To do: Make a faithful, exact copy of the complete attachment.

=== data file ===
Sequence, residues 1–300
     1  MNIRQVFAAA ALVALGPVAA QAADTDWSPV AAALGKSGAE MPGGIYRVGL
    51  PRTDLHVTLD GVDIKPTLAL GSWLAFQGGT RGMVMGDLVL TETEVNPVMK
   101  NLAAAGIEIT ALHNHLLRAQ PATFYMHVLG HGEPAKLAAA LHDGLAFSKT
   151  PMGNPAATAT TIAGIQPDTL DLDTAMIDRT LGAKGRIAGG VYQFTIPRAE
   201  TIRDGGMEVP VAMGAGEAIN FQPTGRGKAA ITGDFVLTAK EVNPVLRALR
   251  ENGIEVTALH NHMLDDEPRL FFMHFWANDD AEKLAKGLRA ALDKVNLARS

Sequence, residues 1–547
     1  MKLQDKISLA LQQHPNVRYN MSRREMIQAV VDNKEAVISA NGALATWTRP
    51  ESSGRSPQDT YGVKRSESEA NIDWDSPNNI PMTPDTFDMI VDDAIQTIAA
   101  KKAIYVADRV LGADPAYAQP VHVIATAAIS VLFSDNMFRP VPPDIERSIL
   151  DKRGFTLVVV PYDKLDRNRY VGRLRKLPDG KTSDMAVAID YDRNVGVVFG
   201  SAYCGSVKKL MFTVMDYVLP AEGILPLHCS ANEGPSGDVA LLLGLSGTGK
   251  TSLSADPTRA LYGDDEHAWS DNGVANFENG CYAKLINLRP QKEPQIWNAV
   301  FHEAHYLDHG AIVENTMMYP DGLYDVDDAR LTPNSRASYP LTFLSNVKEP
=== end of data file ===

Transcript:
Sequence, residues 1–300
     1  MNIRQVFAAA ALVALGPVAA QAADTDWSPV AAALGKSGAE MPGGIYRVGL
    51  PRTDLHVTLD GVDIKPTLAL GSWLAFQGGT RGMVMGDLVL TETEVNPVMK
   101  NLAAAGIEIT ALHNHLLRAQ PATFYMHVLG HGEPAKLAAA LHDGLAFSKT
   151  PMGNPAATAT TIAGIQPDTL DLDTAMIDRT LGAKGRIAGG VYQFTIPRAE
   201  TIRDGGMEVP VAMGAGEAIN FQPTGRGKAA ITGDFVLTAK EVNPVLRALR
   251  ENGIEVTALH NHMLDDEPRL FFMHFWANDD AEKLAKGLRA ALDKVNLARS

Sequence, residues 1–547
     1  MKLQDKISLA LQQHPNVRYN MSRREMIQAV VDNKEAVISA NGALATWTRP
    51  ESSGRSPQDT YGVKRSESEA NIDWDSPNNI PMTPDTFDMI VDDAIQTIAA
   101  KKAIYVADRV LGADPAYAQP VHVIATAAIS VLFSDNMFRP VPPDIERSIL
   151  DKRGFTLVVV PYDKLDRNRY VGRLRKLPDG KTSDMAVAID YDRNVGVVFG
   201  SAYCGSVKKL MFTVMDYVLP AEGILPLHCS ANEGPSGDVA LLLGLSGTGK
   251  TSLSADPTRA LYGDDEHAWS DNGVANFENG CYAKLINLRP QKEPQIWNAV
   301  FHEAHYLDHG AIVENTMMYP DGLYDVDDAR LTPNSRASYP LTFLSNVKEP